Grade inflation is an often unspoken result of pressure on teachers exhausted by unending demands on them from school administrators, coaches and angry parents who question why their child received a less-than-expected grade. It’s easier to make everybody happy by giving kids a higher grade than they deserve, even for subpar work. Former President George W. Bush called it “the soft bigotry of low expectations.”
But according to a new study by American University professor Seth Gershenson and his colleagues for the Thomas B. Fordham Institute, teachers who inflate student grades are not doing the students any favors.
The study, “Great Expectations: The Impact of Rigorous Grading Practices on Student Achievement,” compared students’ report card grades to their performance on end-of-course tests. Those with teachers who had the highest grading standards — refusing to hand out A’s for B or C work — learned quantitatively more than students whose teachers cut them more slack.
And the gain in student achievement between the easiest graders and the toughest graders was profound. Students with teachers who had the highest grading standards scored 16.9 percent higher on end-of-course tests compared with their peers whose teachers had the lowest grading standards. And those academic gains were evident up to two years later.
The study also refuted the common argument that high grading standards are detrimental to low-income minority students, who tend to be less prepared for school than their affluent white counterparts. According to Gershenson’s study, higher grading standards resulted in higher student achievement across grade levels and demographic groups.
“Having a teacher among those with higher grading standards improves achievement by about 8 to 10 percent of a standard deviation. In short, white, black, and Hispanic students all benefit from exposure to higher grading standards,” the study concluded. “Students in schools with different grade levels and different socioeconomic makeups learn more from teachers who have higher grading standards, suggesting that high grading standards are universally beneficial.”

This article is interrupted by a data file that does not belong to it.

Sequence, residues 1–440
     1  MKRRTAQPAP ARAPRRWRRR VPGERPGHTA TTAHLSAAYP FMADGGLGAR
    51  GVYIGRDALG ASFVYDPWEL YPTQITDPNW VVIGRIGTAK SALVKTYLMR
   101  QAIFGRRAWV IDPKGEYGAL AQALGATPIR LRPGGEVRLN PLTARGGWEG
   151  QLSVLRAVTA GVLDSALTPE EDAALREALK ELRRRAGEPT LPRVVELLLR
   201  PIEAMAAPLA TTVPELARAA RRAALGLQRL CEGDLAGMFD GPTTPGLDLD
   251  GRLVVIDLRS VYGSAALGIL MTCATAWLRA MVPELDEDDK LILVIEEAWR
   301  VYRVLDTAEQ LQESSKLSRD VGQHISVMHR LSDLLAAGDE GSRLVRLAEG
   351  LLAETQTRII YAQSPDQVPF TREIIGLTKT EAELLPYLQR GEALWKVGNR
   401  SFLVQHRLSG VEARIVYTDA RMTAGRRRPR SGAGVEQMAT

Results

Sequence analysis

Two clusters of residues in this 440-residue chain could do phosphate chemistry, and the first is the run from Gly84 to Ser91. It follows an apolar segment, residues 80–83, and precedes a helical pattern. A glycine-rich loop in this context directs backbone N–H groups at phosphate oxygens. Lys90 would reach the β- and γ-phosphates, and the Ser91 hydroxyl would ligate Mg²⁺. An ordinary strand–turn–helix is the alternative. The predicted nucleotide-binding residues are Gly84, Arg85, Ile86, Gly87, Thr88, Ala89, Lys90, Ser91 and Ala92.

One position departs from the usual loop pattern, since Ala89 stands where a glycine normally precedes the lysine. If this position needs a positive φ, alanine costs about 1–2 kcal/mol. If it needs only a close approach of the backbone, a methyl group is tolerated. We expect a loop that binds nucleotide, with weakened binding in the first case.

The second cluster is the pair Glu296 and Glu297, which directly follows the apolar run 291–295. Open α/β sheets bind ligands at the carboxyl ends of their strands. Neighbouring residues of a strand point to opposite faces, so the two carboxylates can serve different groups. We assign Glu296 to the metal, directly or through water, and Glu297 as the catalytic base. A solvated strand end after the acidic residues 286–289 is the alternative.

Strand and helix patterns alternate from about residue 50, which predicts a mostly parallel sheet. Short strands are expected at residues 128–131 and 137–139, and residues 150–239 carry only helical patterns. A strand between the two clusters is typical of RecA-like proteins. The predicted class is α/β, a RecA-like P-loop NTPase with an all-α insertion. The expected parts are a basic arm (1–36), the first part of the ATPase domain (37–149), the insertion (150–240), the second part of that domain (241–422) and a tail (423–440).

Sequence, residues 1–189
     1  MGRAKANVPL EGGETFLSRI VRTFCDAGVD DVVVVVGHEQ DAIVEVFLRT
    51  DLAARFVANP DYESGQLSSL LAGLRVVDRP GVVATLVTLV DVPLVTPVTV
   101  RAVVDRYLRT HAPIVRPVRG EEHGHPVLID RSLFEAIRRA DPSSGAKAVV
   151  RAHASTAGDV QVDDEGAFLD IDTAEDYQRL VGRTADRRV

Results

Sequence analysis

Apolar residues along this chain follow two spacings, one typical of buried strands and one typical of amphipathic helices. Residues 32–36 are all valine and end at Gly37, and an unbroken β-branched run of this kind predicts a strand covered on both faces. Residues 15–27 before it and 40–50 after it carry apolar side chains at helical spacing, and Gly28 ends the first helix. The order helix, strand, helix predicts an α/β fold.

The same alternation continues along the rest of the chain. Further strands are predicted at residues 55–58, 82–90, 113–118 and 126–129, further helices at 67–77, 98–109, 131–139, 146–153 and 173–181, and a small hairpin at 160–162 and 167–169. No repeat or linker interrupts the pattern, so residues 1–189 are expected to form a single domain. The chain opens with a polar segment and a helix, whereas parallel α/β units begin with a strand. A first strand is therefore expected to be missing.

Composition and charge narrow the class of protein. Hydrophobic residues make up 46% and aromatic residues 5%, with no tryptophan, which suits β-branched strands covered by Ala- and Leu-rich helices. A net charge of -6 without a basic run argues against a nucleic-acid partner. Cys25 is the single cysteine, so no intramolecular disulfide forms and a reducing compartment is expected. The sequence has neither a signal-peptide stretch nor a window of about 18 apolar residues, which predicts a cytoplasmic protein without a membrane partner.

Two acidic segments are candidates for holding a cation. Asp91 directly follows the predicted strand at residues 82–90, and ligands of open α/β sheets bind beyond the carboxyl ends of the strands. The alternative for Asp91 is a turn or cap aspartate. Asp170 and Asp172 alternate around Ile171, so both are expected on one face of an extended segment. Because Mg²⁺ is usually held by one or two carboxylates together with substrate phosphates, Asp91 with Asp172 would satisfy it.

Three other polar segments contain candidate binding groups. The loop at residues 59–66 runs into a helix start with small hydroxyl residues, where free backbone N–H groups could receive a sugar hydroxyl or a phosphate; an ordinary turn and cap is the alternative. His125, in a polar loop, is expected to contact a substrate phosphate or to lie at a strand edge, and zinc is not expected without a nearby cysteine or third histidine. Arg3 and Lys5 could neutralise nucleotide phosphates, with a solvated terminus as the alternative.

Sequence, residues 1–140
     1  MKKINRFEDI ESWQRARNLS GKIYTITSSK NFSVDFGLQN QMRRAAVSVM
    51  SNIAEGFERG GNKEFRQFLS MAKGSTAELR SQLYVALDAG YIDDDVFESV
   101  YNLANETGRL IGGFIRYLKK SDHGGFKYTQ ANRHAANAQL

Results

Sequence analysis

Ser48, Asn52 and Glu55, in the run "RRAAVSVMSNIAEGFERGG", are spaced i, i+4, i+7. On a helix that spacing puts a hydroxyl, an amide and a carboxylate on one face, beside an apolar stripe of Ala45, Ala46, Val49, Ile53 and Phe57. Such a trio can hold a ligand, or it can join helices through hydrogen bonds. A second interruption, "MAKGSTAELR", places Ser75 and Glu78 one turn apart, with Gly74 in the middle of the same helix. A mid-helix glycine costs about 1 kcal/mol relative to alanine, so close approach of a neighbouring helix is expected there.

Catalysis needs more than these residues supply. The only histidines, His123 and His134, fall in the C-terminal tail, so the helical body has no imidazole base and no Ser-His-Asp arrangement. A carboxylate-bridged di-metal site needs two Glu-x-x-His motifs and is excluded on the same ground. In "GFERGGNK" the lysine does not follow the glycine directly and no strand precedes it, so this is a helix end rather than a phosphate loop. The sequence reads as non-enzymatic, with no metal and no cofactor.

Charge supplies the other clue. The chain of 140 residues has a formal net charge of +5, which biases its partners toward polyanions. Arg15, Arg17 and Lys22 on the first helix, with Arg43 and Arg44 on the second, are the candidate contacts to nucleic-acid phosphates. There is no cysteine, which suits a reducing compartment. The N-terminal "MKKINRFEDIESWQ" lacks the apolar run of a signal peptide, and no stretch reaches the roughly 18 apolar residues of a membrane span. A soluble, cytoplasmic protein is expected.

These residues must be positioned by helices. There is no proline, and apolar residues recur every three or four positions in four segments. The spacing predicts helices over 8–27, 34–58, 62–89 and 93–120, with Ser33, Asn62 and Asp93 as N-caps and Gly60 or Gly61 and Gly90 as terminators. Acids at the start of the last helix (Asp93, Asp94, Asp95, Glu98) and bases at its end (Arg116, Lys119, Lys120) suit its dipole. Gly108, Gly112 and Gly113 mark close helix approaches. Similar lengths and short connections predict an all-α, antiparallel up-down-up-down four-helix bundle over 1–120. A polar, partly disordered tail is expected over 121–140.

Researchers then looked at which teachers were most likely to be the toughest graders. They tended to be graduates of selective undergraduate institutions, those with graduate degrees and those with more than 21 years of classroom experience. Female teachers on average grade 18 percent harder than their male counterparts, the study found.
Not surprisingly, the most demanding teachers are mostly found in suburban school districts, where grading standards also tend to be higher than in urban or rural areas.
Standardized testing tends to expose grade inflation, but there is now a growing trend to eliminate it in college admissions. “The current push for test-optional college admissions makes it that much more difficult for high school teachers, who now face even greater pressure to be easy graders to help their students get into selective colleges,” according to the study.
But getting admitted to a selective college and graduating are two different things: “Those who recognize and believe in their students’ potential — and hold high expectations for all of their students — significantly increase the odds that their students go on to complete high school and college,” the study noted.
Yet “mean” teachers with tough grading standards are not always appreciated. One teacher told the researchers that, “We actually get chastised if anybody even fails our classes. If you have a kid failing, the teacher’s the one that’s in trouble, not the kid. It’s the teacher’s fault.”
Teachers who refuse to give kids grades they haven’t earned are actually helping their students reach their full potential. They deserve accolades, not accusations.